Support for open borders comes from across the political spectrum. On the political Right, free-market advocates sometimes lament that the production factor ‘labour’ is not completely free but that its mobility is constrained by international borders, thus introducing economic distortions and inefficiencies. More in the political Centre, liberal thinkers are rejecting birth-privileges and suggest that open borders would enable people born in countries with unfavourable conditions to level the playing field with those born in rich, secure, and democratically-governed countries.

On the political Left, open-border advocates see the nation state as an agent of capitalist exploitation and ongoing colonialism that uses its territorial borders to preserve the privileges of the ruling elite. In this context, borders divide the global labour force and pit workers in different countries against each other; unequal visa practices facilitate the global mobility of the rich and privileged, while they deny mobility to the global poor; and borders maintain a colonial system of global rule. Free cross-border migration would mitigate these global injustices by enabling people to escape from war, hunger, environmental destruction, and economic despair imposed by capitalism and colonialism.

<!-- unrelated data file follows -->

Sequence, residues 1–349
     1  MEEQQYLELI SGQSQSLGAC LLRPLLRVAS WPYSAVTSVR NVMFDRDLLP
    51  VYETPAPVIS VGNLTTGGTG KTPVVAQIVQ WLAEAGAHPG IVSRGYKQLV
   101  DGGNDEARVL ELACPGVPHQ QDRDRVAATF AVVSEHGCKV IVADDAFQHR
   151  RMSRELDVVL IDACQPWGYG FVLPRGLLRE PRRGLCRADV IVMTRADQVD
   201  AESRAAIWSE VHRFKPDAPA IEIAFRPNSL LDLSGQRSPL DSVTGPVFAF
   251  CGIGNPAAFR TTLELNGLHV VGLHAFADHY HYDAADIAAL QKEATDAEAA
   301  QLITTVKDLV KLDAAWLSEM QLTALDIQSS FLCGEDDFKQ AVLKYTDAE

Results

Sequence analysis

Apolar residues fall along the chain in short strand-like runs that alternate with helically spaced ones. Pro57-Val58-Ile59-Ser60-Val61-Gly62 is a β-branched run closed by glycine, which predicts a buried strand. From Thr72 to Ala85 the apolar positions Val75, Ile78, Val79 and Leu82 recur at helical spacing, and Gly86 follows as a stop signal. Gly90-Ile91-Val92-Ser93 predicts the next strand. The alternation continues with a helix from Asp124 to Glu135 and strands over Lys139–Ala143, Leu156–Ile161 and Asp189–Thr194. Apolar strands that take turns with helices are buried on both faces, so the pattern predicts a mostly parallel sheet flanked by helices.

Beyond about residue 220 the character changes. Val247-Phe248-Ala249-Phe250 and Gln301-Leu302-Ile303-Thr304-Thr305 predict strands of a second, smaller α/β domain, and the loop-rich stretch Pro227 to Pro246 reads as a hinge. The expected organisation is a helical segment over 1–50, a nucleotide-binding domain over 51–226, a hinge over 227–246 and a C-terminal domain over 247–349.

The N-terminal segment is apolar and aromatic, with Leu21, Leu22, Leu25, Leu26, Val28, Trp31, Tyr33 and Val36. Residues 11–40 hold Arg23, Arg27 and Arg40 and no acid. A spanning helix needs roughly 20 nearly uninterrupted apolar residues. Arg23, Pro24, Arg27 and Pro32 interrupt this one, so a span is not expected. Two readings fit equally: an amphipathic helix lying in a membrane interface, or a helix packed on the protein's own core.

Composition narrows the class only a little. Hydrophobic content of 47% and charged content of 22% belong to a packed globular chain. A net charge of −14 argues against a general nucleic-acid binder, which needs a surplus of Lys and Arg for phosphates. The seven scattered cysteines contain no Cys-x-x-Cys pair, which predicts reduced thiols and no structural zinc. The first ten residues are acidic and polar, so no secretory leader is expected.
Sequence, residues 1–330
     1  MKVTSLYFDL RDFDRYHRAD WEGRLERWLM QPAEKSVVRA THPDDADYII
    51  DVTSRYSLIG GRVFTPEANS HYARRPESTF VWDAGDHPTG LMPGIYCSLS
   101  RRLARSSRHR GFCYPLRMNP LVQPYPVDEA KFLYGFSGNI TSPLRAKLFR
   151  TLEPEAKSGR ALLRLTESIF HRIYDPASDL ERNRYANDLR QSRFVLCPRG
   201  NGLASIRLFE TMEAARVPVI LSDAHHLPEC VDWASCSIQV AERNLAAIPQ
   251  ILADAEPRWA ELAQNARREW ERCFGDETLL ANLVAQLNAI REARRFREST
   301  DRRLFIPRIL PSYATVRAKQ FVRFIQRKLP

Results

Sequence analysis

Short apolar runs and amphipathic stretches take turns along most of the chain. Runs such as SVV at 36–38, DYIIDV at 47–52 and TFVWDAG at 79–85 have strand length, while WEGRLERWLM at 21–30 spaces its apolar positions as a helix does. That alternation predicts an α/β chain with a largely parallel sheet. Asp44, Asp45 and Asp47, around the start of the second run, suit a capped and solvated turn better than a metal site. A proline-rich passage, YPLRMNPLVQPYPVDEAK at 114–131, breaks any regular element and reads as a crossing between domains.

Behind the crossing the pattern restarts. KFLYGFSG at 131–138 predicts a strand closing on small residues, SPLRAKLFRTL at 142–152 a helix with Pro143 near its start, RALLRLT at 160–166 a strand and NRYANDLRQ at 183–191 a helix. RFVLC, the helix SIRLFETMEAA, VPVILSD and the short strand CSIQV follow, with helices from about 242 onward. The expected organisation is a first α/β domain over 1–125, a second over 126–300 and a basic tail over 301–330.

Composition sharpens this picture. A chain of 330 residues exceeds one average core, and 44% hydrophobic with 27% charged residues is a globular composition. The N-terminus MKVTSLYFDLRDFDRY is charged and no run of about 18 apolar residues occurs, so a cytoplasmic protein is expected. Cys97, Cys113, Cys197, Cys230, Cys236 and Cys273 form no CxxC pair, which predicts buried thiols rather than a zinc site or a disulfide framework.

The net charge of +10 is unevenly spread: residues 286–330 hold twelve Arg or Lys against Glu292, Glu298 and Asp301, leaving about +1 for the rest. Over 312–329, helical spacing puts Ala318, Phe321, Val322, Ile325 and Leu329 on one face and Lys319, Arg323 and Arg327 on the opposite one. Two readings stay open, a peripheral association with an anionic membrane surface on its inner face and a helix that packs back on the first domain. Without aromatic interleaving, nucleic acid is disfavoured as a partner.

‘No borders’ is a much more radical idea. The ‘no borders!’ call advocates for a fundamentally different world in which borders themselves no longer exist. This call challenges the prevailing territorial organisation of the global population into nation states and the practices of racialisation and colonialisation that divide people along the lines of citizenship and status.